Is the Pretoria peace deal the beginning of the end of the TPLF?
Three months after its signing, a shattered Tigray is picking up the pieces. But not even the end of the siege can quell rising murmurs of discontent.
The Tigray People’s Liberation Front (TPLF) dominated the political, economic, and security landscape in Ethiopia and the Tigray region from 1991 to 2018. Despite Ethiopia’s successes under the TPLF-led Ethiopian People’s Revolutionary Democratic Front (EPRDF) rule, which included reviving the economy and introducing federalism, their human rights record was poor. The TPLF ruled Ethiopia, including the TPLF’s own Tigray region, with an iron fist, suppressing dissent, imprisoning leading opposition figures and muzzling the media. Tigrayans became hate figures for the TPLF’s opponents, targeted by Ethiopia’s politicians and blamed for all the ills associated with the TPLF. The demonisation campaign, which rose to the surface soon after the TPLF lost power in early-2018, intensified following the breakout of the war in November 2020. Epithets such as “cancer” and “weed” were used against them, even by Ethiopia’s Prime Minister, Abiy Ahmed. In January 2022, Daniel Kibret, PM Abiy Ahmed’s social affairs advisor called for the wiping out of Tigrayans.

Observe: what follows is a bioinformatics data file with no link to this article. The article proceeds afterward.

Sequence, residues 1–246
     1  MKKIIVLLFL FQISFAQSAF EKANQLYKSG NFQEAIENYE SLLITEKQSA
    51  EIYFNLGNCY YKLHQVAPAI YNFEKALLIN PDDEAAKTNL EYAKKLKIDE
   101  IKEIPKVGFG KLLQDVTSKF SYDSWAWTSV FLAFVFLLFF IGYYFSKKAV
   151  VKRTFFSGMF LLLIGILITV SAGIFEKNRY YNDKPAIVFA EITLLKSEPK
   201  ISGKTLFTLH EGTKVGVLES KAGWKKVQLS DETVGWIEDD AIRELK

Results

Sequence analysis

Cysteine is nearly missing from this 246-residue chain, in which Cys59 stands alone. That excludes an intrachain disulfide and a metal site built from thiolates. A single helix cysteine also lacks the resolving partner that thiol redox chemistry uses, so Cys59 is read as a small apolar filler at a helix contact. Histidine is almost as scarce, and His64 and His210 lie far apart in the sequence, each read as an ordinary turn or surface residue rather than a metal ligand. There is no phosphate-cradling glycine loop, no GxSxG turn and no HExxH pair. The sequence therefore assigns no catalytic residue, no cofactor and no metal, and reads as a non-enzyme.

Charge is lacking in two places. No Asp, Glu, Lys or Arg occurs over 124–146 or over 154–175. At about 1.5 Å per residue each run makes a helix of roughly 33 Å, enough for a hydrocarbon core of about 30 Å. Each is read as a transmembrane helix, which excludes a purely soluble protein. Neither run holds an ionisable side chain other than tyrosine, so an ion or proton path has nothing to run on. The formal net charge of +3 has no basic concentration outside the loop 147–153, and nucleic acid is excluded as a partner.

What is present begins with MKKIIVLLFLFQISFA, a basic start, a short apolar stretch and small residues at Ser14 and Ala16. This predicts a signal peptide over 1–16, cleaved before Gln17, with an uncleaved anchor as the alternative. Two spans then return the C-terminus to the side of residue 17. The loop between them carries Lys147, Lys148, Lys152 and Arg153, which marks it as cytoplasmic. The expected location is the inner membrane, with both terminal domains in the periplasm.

The Pretoria peace deal, signed on 2 November, 2022, stopped, at least for now, the war that had killed, according to some estimates, 600,000 and put Tigray under siege. As a famine ravaged the region, the TPLF ran out of military resources, and Tigrayans were starved of humanitarian aid and cut off from electricity, communications and financial services. For two months, however, the Ethiopian National Defence Forces were still unable to capture Mekelle despite assistance from the Eritrean and Amhara forces. Ethiopia faced Western pressure to end the conflict as its economy collapsed, and as Western economic sanctions depleted the already limited foreign currency reserves.
I. The guns are silent; services are back, but not all is well